“The Dreams and the Divine Covenant”

As Jacob’s entire family bows down before Joseph, all of Joseph’s dreams finally come true. But not only Joseph’s dreams come to fruition, the prophesies and predictions of the Covenant between the Pieces have also begun to be realized.

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Vayigash 5773-2012

“Is My Father Still Alive?”

From his own childhood experience of studying the story of Joseph and his brethren, Rabbi Joseph B. Soloveitchik teaches a most profound lesson about appreciating parents, and cherishing their spiritual legacy.

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Vayigash 5772-2011

“Joseph and Judah: A Confrontation for Posterity”

The confrontation between Judah and Joseph was not only intended to achieve the release of Benjamin, but was a struggle for the leadership of Israel between two larger-than-life brothers.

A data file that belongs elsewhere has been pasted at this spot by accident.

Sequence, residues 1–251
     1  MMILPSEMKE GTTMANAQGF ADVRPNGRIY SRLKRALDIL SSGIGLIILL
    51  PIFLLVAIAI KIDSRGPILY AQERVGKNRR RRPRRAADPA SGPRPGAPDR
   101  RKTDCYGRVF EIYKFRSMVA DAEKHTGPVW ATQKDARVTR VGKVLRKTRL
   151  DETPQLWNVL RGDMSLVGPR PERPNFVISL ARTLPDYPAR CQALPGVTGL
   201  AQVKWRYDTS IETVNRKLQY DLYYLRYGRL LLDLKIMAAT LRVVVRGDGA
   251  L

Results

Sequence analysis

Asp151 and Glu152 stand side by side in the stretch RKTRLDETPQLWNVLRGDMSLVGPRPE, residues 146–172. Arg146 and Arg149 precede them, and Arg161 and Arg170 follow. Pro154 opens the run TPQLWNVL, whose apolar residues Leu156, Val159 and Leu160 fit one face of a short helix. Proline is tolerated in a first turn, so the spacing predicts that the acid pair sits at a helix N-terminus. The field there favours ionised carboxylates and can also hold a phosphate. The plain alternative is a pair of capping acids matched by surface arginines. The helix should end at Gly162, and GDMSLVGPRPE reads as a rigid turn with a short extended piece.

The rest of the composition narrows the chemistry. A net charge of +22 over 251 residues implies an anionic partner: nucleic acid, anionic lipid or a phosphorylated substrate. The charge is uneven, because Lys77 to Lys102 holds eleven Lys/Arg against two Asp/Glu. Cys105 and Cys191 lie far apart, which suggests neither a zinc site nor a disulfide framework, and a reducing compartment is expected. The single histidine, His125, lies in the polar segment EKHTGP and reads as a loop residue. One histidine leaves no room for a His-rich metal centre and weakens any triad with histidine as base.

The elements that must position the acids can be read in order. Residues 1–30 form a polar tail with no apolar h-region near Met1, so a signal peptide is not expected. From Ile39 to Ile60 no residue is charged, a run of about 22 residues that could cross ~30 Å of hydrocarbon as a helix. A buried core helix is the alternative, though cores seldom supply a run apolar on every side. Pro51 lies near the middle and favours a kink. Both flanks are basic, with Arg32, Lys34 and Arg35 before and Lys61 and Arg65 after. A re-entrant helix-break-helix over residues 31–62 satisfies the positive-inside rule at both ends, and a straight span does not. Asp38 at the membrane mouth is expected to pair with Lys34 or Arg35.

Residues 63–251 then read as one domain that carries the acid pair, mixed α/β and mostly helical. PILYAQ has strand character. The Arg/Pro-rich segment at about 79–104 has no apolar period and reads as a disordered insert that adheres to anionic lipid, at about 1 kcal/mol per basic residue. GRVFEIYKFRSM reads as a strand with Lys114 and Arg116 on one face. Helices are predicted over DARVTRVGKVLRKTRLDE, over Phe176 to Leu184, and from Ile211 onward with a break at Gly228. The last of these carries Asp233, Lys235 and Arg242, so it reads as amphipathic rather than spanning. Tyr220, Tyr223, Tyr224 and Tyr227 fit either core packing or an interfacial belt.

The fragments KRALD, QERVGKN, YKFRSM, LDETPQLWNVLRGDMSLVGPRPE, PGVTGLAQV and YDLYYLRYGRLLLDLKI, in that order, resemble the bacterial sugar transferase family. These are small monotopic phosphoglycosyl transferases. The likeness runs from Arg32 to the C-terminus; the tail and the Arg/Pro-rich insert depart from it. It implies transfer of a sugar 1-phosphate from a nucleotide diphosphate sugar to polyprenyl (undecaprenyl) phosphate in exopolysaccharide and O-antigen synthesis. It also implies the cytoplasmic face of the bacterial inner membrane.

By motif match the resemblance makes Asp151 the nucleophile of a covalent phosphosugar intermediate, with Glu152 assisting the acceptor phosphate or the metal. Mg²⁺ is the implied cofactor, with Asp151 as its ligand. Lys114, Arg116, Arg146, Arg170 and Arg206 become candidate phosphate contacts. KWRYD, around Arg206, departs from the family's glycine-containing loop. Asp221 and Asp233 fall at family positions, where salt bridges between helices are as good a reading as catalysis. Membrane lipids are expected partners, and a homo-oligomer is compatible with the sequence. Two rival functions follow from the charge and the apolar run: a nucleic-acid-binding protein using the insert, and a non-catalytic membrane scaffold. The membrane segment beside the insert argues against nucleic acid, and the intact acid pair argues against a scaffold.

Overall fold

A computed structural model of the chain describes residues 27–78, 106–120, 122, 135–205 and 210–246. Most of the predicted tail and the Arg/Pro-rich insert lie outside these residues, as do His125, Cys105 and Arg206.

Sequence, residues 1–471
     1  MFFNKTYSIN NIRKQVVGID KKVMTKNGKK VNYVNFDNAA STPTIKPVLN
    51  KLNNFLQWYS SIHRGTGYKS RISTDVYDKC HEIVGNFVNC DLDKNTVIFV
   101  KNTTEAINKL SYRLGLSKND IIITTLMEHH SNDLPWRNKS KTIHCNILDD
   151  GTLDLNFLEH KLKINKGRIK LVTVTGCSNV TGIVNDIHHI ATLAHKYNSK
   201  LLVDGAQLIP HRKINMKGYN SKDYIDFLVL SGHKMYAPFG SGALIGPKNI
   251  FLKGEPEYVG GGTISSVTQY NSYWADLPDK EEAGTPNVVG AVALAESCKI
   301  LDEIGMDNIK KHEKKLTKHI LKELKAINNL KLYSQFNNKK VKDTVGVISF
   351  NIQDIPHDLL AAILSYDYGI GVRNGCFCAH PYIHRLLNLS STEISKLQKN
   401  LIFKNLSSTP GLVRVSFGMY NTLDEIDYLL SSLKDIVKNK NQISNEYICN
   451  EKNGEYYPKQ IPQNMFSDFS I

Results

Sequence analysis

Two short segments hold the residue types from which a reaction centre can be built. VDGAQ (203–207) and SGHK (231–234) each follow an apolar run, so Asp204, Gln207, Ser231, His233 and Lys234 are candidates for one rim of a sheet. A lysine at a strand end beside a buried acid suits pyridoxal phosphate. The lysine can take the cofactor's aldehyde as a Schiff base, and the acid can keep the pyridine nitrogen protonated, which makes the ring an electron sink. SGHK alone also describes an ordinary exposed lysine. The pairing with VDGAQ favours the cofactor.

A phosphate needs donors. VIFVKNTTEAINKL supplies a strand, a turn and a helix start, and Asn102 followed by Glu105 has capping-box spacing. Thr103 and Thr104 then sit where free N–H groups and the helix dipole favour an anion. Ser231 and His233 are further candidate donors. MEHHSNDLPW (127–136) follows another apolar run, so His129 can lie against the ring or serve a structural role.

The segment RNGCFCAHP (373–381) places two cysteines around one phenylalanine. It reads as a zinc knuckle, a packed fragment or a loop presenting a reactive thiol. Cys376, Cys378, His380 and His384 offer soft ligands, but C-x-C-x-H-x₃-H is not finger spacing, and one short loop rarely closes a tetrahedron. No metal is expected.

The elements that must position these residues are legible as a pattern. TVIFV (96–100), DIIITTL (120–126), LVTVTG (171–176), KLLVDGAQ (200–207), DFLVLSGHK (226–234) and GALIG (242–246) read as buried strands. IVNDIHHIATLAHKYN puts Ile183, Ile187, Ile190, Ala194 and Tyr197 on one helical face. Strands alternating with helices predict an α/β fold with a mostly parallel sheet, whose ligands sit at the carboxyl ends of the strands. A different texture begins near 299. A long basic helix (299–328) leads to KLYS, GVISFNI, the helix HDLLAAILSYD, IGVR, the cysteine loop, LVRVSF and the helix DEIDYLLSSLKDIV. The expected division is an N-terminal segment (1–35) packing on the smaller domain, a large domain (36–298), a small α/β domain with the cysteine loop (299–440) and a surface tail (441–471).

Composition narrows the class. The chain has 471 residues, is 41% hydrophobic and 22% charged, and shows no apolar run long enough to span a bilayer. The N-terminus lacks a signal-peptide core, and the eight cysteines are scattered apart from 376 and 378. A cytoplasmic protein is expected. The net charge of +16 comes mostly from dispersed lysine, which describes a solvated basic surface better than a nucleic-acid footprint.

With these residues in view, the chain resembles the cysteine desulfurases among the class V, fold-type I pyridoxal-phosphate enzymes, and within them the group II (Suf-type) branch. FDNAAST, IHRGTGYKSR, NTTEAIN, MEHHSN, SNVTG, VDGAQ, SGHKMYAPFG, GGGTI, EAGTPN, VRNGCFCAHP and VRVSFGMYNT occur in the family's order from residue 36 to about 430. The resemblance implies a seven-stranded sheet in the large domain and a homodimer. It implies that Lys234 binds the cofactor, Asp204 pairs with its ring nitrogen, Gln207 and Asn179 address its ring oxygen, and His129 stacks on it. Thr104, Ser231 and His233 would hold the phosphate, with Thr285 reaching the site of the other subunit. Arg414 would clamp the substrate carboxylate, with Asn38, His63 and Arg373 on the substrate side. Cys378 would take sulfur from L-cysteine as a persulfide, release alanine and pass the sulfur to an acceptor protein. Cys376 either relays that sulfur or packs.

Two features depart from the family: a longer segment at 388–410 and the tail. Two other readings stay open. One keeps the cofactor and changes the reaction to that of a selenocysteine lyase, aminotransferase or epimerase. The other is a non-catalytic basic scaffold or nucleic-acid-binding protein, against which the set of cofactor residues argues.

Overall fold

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Vayigash 5771-2010

“When a Jew Goes Down to Egypt”

How is it that for 22 years, the second most powerful person in Egypt never found the opportunity to visit the land of Canaan if only to see his beloved father and family, from whom he had been so brutally separated?

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Vayigash 5770-2009

“How Much is Enough?”

Scripture informs us that upon their arrival in Egypt, Joseph provided his family with food, sufficient to sustain the family and the children. The rabbis read into the nuances of the verse that Joseph provided his family with only the bare essentials. How much should Joseph have given?

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Vayigash 5769-2008